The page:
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This web site is part of a National Science Foundation-sponsored project aimed at expanding knowledge of systematics of the unusually diverse marine gastropod genus Conus. The project goals are to integrate species-level revisionary systematics of the major regional faunas, contribute to molecular-based phylogenetic hypotheses, expand predictive classifications, and promulgate the results in both electronic and print media.

Conus is an unusually important candidate for revisionary studies because of its

  1. Biodiversity: With more than 500 extant species Conus is the largest genus of marine invertebrates and a major contributor to biodiversity in the sea;
  2. Distribution and abundance: Conus occurs throughout the tropical and subtropical oceans but is most diverse in the Indo-West Pacific region. It attains maximum density of 40 individuals per square meter but is usually much less abundant.
  3. Ecology: Large size, abundance, high local diversity (up to 36 spp./habitat), and rather uniform trophic position as primary carnivores make Conus ecologically important;
  4. Limited prior revisionary synthesis: Only the Indo-Pacific taxa have been monographed recently, while those of other regions remain poorly known;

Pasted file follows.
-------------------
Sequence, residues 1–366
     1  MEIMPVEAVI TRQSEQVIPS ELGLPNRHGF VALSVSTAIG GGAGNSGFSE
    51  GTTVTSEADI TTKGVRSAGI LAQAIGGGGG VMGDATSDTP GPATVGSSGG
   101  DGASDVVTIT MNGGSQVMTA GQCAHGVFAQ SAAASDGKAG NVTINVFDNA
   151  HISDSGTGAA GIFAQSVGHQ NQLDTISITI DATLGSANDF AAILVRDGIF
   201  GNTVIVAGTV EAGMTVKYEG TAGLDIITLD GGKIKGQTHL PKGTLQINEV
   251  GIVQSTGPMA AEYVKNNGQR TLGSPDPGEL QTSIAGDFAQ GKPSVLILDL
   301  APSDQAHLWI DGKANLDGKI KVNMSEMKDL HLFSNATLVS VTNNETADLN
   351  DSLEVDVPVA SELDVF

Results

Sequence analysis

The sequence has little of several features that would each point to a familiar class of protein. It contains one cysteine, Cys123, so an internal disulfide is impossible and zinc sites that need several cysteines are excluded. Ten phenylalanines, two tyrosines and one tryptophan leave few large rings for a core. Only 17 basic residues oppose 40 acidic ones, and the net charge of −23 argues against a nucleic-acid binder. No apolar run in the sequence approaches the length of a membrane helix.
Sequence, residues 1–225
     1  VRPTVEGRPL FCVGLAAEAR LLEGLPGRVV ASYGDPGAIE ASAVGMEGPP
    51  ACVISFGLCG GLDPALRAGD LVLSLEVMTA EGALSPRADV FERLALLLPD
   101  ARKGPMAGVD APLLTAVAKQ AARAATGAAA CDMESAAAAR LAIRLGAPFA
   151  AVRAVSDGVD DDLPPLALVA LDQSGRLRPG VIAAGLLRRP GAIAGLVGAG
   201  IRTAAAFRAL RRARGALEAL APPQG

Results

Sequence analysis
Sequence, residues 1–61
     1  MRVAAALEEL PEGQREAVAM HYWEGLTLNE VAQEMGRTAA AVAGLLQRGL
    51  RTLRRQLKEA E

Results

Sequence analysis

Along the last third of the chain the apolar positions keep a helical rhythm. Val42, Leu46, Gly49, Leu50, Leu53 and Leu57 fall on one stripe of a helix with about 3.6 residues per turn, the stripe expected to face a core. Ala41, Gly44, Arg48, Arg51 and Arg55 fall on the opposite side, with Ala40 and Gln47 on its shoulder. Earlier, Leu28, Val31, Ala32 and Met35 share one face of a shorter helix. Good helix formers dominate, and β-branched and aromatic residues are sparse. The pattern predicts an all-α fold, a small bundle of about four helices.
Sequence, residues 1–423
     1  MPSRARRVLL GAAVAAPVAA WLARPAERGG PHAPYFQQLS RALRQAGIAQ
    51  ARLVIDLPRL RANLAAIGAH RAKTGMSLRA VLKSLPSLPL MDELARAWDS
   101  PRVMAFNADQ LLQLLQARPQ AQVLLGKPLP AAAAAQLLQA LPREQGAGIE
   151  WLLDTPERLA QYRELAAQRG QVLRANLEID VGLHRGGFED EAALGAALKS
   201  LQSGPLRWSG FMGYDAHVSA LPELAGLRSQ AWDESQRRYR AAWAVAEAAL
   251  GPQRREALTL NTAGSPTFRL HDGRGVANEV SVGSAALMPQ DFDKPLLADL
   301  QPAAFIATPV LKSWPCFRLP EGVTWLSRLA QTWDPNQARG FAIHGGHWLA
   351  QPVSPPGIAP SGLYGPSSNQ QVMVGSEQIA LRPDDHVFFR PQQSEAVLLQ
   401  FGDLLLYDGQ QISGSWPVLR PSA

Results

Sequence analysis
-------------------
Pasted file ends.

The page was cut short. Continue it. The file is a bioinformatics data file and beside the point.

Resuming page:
5. Practical significance: Applications of Conus in neurobiology and medicine are increasing rapidly, as the conotoxins produced to subdue prey are widely used to identify specific ion channels, and about 80 patents for medical uses have been awarded to date;
  6. Evolutionary diversification: Conus has diversified more rapidly than any other marine gastropod genus, doubling species number on average every 6 million years since its origin about 55 million years ago.

Because a taxonomic catalogue is a sine qua non for research in systematics, the main feature of this web site is a searchable database comprising a catalogue of all available species-level names proposed in Conus see (Catalogue). The site includes entries for 3,254 available species published between 1758 and 2009. Each entry includes the citation of the original description. Many include photographic images of primary type specimens, pdf copies of original descriptions, literature records of fossils, and links to sequences of genes reported to GenBank. The site also includes 15 short videos of feeding behavior in vermivorous, molluscivorous and piscivorous species of Conus, citations of publications resulting from the project to date, and updates and corrections to the Manual of Living Conidae, Vol. 1: Indo-Pacific Region, by Röckel, Korn and Kohn (1995). When complete, the site will include taxonomic histories, descriptions, morphometrics, and range maps, as well as additional photographs of type specimens, shells and living animals to illustrate variability in form and color patterns. It will also incorporate data from prior and new character sets, including shell and radular tooth morphometry, ecological and developmental attributes, and gene sequences.

If you would like to suggest contributions to this web site or have questions about it, please contact us.

Alan J. Kohn
Principal Investigator
Trevor Anderson
Research Technologist